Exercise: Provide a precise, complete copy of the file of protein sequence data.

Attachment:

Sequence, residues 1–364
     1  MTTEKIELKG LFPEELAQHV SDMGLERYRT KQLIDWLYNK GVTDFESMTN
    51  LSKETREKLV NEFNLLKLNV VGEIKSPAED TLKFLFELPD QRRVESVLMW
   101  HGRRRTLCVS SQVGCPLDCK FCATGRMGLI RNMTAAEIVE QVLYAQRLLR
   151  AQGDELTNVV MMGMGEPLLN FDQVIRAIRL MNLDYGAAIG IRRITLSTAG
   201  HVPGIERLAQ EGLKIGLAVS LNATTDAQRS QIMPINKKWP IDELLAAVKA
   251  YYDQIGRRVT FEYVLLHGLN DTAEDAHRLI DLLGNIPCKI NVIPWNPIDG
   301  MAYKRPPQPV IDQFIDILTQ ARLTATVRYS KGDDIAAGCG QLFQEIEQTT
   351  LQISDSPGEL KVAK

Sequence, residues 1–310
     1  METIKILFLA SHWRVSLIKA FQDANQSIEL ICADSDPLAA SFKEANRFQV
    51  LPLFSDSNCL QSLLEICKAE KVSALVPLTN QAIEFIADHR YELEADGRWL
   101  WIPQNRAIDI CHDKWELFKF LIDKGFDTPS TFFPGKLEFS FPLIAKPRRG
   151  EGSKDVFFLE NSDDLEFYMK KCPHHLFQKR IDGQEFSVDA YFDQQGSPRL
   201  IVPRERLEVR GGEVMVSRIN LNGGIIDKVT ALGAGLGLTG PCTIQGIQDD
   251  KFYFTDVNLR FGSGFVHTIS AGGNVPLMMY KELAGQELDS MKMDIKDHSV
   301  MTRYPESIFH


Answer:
Sequence, residues 1–364
     1  MTTEKIELKG LFPEELAQHV SDMGLERYRT KQLIDWLYNK GVTDFESMTN
    51  LSKETREKLV NEFNLLKLNV VGEIKSPAED TLKFLFELPD QRRVESVLMW
   101  HGRRRTLCVS SQVGCPLDCK FCATGRMGLI RNMTAAEIVE QVLYAQRLLR
   151  AQGDELTNVV MMGMGEPLLN FDQVIRAIRL MNLDYGAAIG IRRITLSTAG
   201  HVPGIERLAQ EGLKIGLAVS LNATTDAQRS QIMPINKKWP IDELLAAVKA
   251  YYDQIGRRVT FEYVLLHGLN DTAEDAHRLI DLLGNIPCKI NVIPWNPIDG
   301  MAYKRPPQPV IDQFIDILTQ ARLTATVRYS KGDDIAAGCG QLFQEIEQTT
   351  LQISDSPGEL KVAK

Sequence, residues 1–310
     1  METIKILFLA SHWRVSLIKA FQDANQSIEL ICADSDPLAA SFKEANRFQV
    51  LPLFSDSNCL QSLLEICKAE KVSALVPLTN QAIEFIADHR YELEADGRWL
   101  WIPQNRAIDI CHDKWELFKF LIDKGFDTPS TFFPGKLEFS FPLIAKPRRG
   151  EGSKDVFFLE NSDDLEFYMK KCPHHLFQKR IDGQEFSVDA YFDQQGSPRL
   201  IVPRERLEVR GGEVMVSRIN LNGGIIDKVT ALGAGLGLTG PCTIQGIQDD
   251  KFYFTDVNLR FGSGFVHTIS AGGNVPLMMY KELAGQELDS MKMDIKDHSV
   301  MTRYPESIFH